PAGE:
A room-temperature rf undulator, based on helical corrugated waveguide, is designed and produced, in order to obtain coherent X-ray radiation using a relatively low-energy electron beam and pulsed mm-wavelength radiation. Low-power tests with 33 GHz, 0.5 m long undulator section are described. High-power experiments with gigawatt power level BWO, which is planned to feed the undulator, are analyzed.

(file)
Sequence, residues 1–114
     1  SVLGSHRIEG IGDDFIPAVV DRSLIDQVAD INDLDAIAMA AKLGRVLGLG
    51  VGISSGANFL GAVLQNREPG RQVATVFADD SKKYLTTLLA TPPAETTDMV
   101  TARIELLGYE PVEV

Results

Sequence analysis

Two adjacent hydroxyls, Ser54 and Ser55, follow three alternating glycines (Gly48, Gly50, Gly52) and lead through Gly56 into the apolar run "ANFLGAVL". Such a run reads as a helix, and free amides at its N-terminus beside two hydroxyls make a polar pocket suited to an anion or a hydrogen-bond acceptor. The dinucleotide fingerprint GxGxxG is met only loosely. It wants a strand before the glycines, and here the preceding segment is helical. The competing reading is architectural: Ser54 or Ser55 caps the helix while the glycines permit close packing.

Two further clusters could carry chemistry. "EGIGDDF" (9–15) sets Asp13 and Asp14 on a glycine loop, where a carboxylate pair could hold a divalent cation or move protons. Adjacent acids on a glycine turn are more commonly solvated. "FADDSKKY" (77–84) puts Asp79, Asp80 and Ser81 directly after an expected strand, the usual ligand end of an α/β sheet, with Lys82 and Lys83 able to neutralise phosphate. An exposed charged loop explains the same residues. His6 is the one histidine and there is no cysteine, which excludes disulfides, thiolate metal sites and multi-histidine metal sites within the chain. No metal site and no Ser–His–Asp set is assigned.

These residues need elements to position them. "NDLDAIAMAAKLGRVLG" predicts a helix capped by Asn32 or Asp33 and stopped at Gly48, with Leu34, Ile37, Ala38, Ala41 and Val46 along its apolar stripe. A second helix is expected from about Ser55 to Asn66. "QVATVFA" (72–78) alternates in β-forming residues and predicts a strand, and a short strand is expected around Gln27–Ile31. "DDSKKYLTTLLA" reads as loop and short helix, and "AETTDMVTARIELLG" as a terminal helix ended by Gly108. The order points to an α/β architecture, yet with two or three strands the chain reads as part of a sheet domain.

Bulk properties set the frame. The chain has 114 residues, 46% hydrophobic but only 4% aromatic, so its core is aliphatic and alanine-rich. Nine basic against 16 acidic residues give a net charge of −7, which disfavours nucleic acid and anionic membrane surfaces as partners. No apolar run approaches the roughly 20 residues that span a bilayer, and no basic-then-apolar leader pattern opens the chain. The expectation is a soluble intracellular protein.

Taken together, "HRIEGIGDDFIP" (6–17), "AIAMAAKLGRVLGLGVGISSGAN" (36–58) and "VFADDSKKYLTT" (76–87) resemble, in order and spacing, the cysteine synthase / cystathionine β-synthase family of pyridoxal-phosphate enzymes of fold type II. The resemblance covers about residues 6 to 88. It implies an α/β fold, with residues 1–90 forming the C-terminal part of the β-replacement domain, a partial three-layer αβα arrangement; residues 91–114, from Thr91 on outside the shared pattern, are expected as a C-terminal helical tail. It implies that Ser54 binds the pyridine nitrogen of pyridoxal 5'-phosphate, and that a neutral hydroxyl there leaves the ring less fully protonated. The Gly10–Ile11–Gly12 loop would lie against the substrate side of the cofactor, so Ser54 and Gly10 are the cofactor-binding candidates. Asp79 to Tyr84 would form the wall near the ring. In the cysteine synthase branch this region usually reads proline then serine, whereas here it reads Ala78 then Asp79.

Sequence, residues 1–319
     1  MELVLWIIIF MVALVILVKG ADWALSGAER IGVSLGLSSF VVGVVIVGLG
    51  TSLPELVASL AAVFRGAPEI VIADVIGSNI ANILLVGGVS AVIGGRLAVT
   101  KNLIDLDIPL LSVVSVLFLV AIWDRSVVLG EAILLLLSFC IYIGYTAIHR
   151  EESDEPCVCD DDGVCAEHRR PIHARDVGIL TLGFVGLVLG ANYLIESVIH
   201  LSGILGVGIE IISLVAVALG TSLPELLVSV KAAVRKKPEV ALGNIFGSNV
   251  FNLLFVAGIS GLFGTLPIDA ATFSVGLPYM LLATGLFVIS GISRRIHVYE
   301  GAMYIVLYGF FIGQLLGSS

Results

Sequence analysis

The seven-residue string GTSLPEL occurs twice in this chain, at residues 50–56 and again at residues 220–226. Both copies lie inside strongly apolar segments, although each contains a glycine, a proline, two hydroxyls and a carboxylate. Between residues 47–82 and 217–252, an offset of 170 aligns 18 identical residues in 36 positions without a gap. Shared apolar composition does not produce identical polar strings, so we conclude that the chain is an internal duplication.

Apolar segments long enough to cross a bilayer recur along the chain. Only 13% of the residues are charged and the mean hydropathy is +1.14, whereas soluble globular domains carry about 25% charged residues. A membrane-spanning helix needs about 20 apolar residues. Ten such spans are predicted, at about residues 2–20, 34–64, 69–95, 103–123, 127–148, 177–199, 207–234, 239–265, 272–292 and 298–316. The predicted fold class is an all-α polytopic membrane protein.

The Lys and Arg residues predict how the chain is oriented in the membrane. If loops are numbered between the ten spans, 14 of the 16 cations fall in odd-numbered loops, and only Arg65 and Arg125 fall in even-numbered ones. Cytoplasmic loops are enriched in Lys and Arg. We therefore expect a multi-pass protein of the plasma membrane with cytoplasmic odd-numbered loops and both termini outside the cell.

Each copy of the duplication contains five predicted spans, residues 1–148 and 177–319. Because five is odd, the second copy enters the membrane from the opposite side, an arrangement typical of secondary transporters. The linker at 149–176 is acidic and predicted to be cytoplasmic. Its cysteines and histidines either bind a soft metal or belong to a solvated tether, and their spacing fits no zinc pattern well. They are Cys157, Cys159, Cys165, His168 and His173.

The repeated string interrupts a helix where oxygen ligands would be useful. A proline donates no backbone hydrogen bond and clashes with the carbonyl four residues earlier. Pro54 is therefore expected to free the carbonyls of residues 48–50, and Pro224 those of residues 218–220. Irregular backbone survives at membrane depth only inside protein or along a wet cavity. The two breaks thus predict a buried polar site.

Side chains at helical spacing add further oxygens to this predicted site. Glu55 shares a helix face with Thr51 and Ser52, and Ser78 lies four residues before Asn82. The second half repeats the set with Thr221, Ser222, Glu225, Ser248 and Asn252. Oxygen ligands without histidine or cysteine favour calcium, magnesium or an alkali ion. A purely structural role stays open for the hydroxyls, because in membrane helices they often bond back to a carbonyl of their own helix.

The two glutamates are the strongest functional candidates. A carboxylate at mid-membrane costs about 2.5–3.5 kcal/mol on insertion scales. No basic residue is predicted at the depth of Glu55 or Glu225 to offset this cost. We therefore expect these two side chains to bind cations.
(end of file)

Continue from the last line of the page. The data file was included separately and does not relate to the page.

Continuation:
The flying undulator is a high-power short rf pulse co-propagating together with a relativistic electron bunch in a helically corrugated waveguide. The electrons wiggle in the rf field of the -1st spatial harmonic with the phase velocity directed in the opposite direction in respect to the bunch velocity, so that particles can irradiate high-frequency Compton’s photons. A high group velocity (0.7 of light velocity) ensures long cooperative motion of the particles and the co-propagating rf pulse. So that 10 m of the proposed undulator can substitute 25 m of a conventional DC-magnet undulator (with period 3 cm) providing similar Pierce parameter and requiring almost 2.5 times less energy electron beam. The 0.5 m long undulator section was optimized for frequency 33.3 GHz, in order to minimize all types of losses at as broad frequency band as 1 GHz. The prototype of 0.5 m length, made of the electroformed copper, was produced and tested at low power level for the planned high-power experiment. In this experiment we are going to feed the produced undulator section by ~1 GW, 10 ns rf pulses which we have already obtained in the BWO oscillator driven by 500 kV, 100 A electron beam formed from autoemission cathode.
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